Tired of back injuries? Let technology do heavy lifting
Question: We have been trying to reduce back injuries among our nurses and other staff for years, but we’re not satisfied with the results. Despite extensive education and training for staff, we’re still spending a fortune on workers’ comp and lost work time. What are we doing wrong?
Answer: You might need to do some shopping. Increasingly, hospitals and other health care facilities are finding that they can’t seriously reduce back injuries without using machines to do the lifting, says Butch de Castro, PhD, MSN/MPH, RN, senior staff specialist for occupational health and safety with the American Nurses Association in Washington, DC.
"If you’re still seeing a high rate of musculoskeletal injuries among your staff, you might need to look at adopting more of the technology that can assist nurses with these high-risk tasks," he says. "Some of the lifting techniques and proper body mechanics are a little bit outdated now and not really proven to be that effective in the long run. There’s a change now in the way people are looking at this problem, and technology is really seen as the way to reduce the risk."
The idea of relying more on technology immediately raises the question of costs, but de Castro says there are a number of options ranging from the inexpensive to the very sophisticated and pricey. Simply using nonfriction transfer boards, for instance, can greatly reduce the effort and risk in moving a patient to or from a bed.
On the other end of the spectrum are built-in devices like the sling lifts that can raise a patient out of bed and, with a nurse using a remote control, move the patient across the room. Some facilities may adopt such devices for all patients, while others might reserve their use for high-risk transfers. De Castro says the ideal solution would be to adopt technological solutions to the greatest extent possible and keep manual lifting to an absolute minimum.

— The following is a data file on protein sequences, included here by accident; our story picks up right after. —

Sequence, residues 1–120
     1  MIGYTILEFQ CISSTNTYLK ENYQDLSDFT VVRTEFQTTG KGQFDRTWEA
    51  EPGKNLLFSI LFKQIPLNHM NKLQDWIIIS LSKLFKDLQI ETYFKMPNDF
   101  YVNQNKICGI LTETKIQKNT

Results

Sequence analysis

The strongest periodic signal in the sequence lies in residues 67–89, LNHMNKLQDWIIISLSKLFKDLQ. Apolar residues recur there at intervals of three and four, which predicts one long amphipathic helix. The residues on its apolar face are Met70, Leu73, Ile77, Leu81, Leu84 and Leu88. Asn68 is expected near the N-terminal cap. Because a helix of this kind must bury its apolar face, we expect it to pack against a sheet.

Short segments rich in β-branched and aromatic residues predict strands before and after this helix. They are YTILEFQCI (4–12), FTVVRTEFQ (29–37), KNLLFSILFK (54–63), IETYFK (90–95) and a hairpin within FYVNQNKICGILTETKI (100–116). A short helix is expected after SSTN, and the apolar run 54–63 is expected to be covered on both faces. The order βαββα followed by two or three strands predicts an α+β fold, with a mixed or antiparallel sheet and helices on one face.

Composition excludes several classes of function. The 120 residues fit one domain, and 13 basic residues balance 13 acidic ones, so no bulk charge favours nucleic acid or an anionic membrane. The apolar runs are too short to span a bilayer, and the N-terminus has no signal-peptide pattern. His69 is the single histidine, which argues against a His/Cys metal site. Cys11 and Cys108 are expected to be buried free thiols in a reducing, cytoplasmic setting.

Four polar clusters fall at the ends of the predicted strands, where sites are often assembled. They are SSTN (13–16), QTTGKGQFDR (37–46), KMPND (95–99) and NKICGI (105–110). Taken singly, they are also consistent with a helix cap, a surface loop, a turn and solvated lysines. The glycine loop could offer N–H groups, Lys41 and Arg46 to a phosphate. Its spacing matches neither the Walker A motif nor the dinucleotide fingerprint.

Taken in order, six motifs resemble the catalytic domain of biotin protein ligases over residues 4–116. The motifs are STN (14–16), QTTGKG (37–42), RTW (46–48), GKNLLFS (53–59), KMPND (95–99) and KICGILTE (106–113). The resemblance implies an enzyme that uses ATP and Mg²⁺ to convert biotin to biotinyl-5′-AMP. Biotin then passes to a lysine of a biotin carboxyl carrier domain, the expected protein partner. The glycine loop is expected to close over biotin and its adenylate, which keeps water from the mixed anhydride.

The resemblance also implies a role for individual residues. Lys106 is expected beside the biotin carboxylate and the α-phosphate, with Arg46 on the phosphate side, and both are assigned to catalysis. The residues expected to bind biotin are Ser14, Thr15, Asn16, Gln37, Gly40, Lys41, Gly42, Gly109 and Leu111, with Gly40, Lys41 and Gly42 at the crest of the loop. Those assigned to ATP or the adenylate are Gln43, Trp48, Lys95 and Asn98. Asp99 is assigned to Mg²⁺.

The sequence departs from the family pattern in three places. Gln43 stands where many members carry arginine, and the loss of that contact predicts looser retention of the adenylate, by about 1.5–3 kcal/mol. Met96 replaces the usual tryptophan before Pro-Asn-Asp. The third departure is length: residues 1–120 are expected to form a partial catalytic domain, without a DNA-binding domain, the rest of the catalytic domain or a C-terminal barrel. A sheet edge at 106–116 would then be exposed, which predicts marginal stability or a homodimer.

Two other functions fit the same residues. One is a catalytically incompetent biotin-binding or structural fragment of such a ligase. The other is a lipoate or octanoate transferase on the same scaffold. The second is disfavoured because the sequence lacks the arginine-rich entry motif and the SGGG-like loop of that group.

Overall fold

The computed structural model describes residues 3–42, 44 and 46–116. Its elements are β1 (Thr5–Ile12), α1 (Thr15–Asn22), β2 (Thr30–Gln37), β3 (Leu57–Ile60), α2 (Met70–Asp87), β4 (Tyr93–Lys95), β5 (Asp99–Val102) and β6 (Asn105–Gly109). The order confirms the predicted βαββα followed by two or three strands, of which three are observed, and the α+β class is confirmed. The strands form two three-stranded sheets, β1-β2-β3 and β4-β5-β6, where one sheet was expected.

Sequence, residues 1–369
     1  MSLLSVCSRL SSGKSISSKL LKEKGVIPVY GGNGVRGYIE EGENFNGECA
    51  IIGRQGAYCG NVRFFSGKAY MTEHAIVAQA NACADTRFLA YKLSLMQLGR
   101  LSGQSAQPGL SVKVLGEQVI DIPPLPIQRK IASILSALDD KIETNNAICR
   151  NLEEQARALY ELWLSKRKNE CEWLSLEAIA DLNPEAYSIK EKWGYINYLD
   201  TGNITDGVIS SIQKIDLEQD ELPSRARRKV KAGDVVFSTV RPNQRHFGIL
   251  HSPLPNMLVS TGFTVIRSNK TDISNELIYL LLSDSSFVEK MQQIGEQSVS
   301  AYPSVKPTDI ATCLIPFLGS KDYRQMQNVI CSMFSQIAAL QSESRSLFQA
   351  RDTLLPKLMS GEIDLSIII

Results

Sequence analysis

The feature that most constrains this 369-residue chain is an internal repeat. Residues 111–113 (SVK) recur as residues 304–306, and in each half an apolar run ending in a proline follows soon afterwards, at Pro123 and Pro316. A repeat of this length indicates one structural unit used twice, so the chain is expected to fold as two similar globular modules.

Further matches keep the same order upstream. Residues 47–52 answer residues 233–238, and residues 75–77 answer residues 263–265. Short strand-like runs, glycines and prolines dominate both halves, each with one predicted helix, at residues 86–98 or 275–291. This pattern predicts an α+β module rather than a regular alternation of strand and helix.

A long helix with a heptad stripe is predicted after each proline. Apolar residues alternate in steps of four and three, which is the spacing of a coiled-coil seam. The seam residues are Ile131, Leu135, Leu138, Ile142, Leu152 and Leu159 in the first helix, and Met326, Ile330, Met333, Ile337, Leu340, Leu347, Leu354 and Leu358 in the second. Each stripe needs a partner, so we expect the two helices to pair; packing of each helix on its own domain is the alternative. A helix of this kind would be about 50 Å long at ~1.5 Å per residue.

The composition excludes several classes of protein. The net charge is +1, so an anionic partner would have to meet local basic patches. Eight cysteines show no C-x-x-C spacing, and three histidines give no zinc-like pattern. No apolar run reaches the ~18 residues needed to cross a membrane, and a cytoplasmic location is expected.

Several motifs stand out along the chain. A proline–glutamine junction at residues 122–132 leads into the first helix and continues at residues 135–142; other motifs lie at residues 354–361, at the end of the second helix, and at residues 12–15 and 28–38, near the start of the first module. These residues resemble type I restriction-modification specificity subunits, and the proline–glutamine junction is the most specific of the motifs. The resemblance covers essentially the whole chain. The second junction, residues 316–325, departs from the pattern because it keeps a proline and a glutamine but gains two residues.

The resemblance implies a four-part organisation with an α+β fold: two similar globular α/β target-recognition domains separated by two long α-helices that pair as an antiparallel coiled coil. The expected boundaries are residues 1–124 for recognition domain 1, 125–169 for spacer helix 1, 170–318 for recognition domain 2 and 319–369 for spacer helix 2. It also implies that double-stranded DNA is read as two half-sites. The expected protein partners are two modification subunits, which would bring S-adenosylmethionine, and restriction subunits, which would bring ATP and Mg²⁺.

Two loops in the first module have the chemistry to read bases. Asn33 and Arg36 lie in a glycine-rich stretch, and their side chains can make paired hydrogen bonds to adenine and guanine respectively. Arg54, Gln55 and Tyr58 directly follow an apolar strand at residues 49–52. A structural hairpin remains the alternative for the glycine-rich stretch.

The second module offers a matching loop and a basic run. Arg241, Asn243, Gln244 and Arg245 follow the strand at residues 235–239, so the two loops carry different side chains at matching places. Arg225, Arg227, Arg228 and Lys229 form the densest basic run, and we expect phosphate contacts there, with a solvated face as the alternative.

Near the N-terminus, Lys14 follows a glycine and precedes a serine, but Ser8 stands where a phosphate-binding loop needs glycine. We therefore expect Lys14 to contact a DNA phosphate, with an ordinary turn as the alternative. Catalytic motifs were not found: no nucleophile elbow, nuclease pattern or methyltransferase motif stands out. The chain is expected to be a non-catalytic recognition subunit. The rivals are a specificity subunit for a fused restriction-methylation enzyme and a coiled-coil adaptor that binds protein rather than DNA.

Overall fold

Exactly what devices you should adopt will be determined by your own patient population, your desire to reduce injuries, and your budget. No matter how much you can spend, the investment will be worthwhile, de Castro says.
"Technology is successful in reducing not just injuries but also costs. In the long run, the cost savings can be tremendous," he says. "The goal of the technology is to eliminate the risk of the ergonomic hazard to people and let the machines take it instead. You can reduce the staff person’s risk to zero from that task and let the technology carry that burden."
That reflects a change in how the experts now look at back injuries among nurses, de Castro says. There is more focus now on the lifetime risk of a nurse and the cumulative effect of lifting and handling patients over the years. Even if there is no acute injury, the daily effects of lifting add up over time and the risk of injury rises with the person’s age. Experts now say the advice followed for years, in which nurses were educated about proper lifting, is at best inadequate. It may be nearly useless, he says.
"We need to find a way to take that lifting burden off the nurse, as opposed to making sure the nurse does manual lifting in the correct way," he says. "Even with proper techniques, the burden is still there if the nurse is doing manual lifting."
Nurses also are getting savvy about the risk of musculoskeletal injuries at work and taking a hard look at the techniques employers use to reduce that risk. De Castro says he has heard reports of nursing staff being offered positions at other facilities and refusing to accept the position because they would have to use manual lifting. Similarly, he has heard of staff being lured away to facilities that use lifting devices instead of manual lifting techniques. Such differences can be important when health care providers are facing a shortage of nurses and other skilled staff, he says.
De Castro offers one important tip about how to choose the right lifting technology for your organization: Involve the frontline health care workers in the decision. You can waste a lot of money and not reduce back injuries by just flipping through a catalog and picking some equipment to order.
"Make sure your investment is fruitful by getting frontline workers’ input into choosing and purchasing the equipment. If your staff isn’t willing to use it or is uncomfortable with it, they’re going to use manual lifting or use the new equipment improperly," he says. "Getting them involved gives them a sense of ownership as well. They know their needs, what patients they will need to manage, and what devices might be useful."
For more information on what kind of lifting technology is available and how to decide what is right for you, de Castro recommends the web site www.patientsafetycenter.com.